Michigan's Shoemaker now a mainstay for Angels
Anaheim, Calif. — You see what he did in 2014, when he went 16-4 and helped carry the Angels into the playoffs. You see what he’s doing now after a rough start to the season, looking dominant and striking out 23 batters in his last two starts.
You see the pitcher he’s become now and it’s unfathomable that he went undrafted in the 2008 MLB draft. Fifty rounds, 1,504 players taken and not one named Matt Shoemaker.
Nobody believed it at the time, either, especially not Shoemaker and his family who followed every heart-wrenching pick of that draft from their home in Trenton, and especially not his coach at Eastern Michigan, Jake Boss, Jr.
“It was a real shock to us and his family when he wasn’t drafted,” said Boss, who just completed his eighth season as Michigan State coach. “Just an unbelievable story, one of the neatest stories you’re ever going to hear about a kid who took advantage of an opportunity and the next thing you know he’s in the big leagues.”
Contrary to popular belief, Shoemaker, who will face his hometown Tigers today in the finale of this three-game series, did not fall through the proverbial cracks. Despite what he’s made himself into, there were legitimate and tangible reasons Shoemaker was by-passed by 30 Major League teams in 2008.
Shoemaker set a school record with 14 saves in 2007. He was part of an Eastern Michigan team that won the Mid-American Conference and played a NCAA regional tournament game. But before the 2008 season, his junior year of eligibility, he slipped on some ice and broke his left arm.
“In the (scouts) defense, at the beginning of the year he was rehabbing and trying to get back, trying to get himself back in shape,” Boss said. “It’s just one of those things. A lot of guys saw him throw early and he wasn’t quite ready yet.”
That was part of it, for sure. But there were plenty of scouts, like the Tigers’ Detroit-area scout Mark Monahan, who watched him from the time he was at Trenton High through his last start at Eastern.
Shoemaker’s biggest problem was velocity. In an era, especially for the Tigers, where the premium was on power arms (Justin Verlander and Joel Zumaya were the standard at the time), Shoemaker was barely hitting the upper 80s.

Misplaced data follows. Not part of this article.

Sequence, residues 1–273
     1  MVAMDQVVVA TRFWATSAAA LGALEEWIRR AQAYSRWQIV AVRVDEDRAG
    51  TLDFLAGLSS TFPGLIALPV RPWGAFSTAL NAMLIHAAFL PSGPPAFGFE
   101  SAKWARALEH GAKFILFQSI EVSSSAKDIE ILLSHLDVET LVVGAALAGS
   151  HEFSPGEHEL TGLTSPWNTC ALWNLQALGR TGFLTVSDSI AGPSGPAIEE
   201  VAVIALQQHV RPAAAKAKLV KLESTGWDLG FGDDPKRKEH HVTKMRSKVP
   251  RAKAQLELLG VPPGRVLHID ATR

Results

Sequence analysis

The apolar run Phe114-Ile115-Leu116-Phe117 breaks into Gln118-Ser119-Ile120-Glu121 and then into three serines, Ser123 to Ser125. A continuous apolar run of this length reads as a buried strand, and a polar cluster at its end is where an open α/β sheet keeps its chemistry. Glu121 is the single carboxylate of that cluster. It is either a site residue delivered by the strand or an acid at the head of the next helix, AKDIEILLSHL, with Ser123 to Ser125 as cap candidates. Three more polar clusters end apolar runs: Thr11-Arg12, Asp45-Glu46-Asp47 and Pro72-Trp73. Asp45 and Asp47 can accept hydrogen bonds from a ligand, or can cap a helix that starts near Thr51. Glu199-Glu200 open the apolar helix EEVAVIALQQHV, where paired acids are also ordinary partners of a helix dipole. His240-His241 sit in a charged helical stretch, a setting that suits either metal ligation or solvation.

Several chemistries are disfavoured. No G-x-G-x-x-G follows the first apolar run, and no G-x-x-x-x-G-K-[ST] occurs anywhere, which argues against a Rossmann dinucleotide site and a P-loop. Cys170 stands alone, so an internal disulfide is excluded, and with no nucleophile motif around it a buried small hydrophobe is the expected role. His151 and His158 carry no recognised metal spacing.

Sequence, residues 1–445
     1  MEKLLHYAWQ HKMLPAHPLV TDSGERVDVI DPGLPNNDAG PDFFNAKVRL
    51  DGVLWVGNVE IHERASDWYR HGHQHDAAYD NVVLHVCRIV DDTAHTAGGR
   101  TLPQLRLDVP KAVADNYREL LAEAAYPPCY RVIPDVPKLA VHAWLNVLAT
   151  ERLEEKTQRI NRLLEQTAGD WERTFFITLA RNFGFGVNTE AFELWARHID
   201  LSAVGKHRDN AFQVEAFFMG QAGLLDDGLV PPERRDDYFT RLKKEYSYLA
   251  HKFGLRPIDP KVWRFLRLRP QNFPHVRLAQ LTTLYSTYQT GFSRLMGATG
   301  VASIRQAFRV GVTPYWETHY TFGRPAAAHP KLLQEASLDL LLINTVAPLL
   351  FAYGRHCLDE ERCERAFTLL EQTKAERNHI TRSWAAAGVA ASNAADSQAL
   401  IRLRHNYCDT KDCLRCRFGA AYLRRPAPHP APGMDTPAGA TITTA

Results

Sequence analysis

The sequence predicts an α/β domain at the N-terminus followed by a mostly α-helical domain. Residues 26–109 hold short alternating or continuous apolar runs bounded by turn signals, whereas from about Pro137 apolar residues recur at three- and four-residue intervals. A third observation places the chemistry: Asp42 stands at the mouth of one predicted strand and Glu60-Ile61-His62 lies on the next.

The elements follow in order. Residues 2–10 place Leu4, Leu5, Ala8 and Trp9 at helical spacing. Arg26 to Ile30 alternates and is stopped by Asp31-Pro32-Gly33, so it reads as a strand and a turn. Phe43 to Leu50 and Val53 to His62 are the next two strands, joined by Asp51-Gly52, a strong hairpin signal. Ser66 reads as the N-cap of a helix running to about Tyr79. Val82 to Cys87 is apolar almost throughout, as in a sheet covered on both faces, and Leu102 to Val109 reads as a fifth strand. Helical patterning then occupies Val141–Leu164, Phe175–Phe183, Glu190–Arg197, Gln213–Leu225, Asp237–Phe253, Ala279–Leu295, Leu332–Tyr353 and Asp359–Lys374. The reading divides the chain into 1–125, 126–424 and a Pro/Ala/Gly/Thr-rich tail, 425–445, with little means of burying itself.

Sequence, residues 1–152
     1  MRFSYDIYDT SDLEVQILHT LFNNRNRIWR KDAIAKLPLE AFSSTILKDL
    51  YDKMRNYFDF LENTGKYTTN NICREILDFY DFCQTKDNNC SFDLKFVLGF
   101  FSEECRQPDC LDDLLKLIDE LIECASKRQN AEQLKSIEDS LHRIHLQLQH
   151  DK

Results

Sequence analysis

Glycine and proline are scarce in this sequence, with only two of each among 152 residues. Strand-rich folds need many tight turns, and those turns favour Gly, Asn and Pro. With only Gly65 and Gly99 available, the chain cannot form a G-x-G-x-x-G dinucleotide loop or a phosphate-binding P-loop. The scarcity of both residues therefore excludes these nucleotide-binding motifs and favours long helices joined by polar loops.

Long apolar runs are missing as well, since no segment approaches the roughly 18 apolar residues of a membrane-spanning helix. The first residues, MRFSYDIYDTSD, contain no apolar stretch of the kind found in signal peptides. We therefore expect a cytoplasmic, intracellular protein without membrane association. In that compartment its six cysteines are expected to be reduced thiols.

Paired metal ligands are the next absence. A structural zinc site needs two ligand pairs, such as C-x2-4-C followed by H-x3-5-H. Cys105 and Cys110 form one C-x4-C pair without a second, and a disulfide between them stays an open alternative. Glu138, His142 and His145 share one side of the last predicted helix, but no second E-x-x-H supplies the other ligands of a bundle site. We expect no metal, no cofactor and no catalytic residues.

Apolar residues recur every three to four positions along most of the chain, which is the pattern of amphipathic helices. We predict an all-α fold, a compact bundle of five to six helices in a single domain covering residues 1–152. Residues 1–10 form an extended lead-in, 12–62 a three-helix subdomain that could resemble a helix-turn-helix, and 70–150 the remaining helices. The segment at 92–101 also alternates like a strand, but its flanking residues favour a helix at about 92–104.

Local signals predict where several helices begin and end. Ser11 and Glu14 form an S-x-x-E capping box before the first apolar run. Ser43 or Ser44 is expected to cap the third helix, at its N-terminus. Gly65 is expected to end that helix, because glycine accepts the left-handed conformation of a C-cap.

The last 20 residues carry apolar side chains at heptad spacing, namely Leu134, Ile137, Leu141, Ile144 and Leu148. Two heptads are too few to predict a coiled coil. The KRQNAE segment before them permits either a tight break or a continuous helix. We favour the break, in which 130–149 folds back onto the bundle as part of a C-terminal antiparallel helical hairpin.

“I saw him in high school a couple of times and then again, of course, at Eastern,” Monahan said. “His velocity never really jumped out at you. He was a pretty good pitcher, but his velocity didn’t get better until that following summer.”
His body didn’t shout big-leaguer, either, at the time.
“At Trenton he was kind of pudgy,” Monahan said. “He thinned out a little bit at Eastern but he was still a little on the heavy side. His velocity whenever I’d see him, it topped out at 88, which isn’t bad. But our guys wanted guys who threw a little harder, unless you were left-handed.”
Monahan and other scouts liked him, though. He clearly knew how to pitch. But they had their orders. Power arms only.
“It was league-wide,” Monahan said. “Everybody wants power arms. Dave Dombrowski (Tigers president and general manager at the time) was heavy on it. The draft is coming up now and if a kid is throwing 88, it’s still going to be hard for that kid to get signed unless he’s left-handed.”
Shoemaker had other issues working against him in 2008, as well. Like the fact Eastern started the season 0-17 before he got fully healthy.
“He started the game we finally won and stopped the streak,” Boss said. “Against Wright State. He had closed two days before and gave up a walk-off home run. Two days later he’s starting and beating Wright State.”
Some scouts, too, weren’t altogether sure Shoemaker was leaving school. He had already earned his degree but had another year of eligibility. Boss, who was leaving Eastern and had been hired at Michigan State, advocated for Shoemaker to play his senior season.
“I remember talking to Matt and his dad right after the draft,” he said. “Everyone was a basket case. We were all shocked. I remember telling him, ‘Do what you want to do, but in my opinion, go back and start your Master’s Degree and enjoy that last year. Because you’re never going to have it again.’
“He still wasn’t sure. He was still reeling from the draft. I remember his dad saying, ‘I can’t believe this happened.’ And I said, ‘I agree. It doesn’t make any sense.’ ”
Monahan said the Tigers, too, were hoping he’d return to Eastern.
“I don’t want to say anything negative about him. We liked him,” Monahan said. “We would have had more interest in him the next year but he went out that summer and pitched really well, got signed and the rest is history.”
Everything came together for Shoemaker in the summer after the draft. His arm and body were finally healthy and his velocity started to creep over 90 mph. His split-fingered pitch, which is his out-pitch today, was biting then, too.
That’s when Angels scout Joel Murrie comes into the picture. The Angels needed some arms to fill out their rosters in the lower minor league levels. He talked to Todd Coryell, son of long-time Eastern coach Roger Coryell, and Todd recommended Shoemaker.
Here was the conversation between Murrie and Shoemaker, as relayed to the Los Angeles Times by Murrie.
“I called Matt and asked him if he was interested. I said, ‘What are you looking for?’ He said, ‘$30,000.’ I told him we were pretty far apart. He said, ‘By how much?’ And I said, ‘$30,000.’”
But Shoemaker was hungry for the opportunity.
“An undrafted free agent signing after his junior year of eligibility, you don’t see that a whole lot,” Boss said. “Usually these are seniors with no other options. He had another option.”
But after pitching well in the summer, he got $10,000 out of the Angels and began his career.
“It’s a great story for him,” Monahan said. “Just wish we could’ve got him.”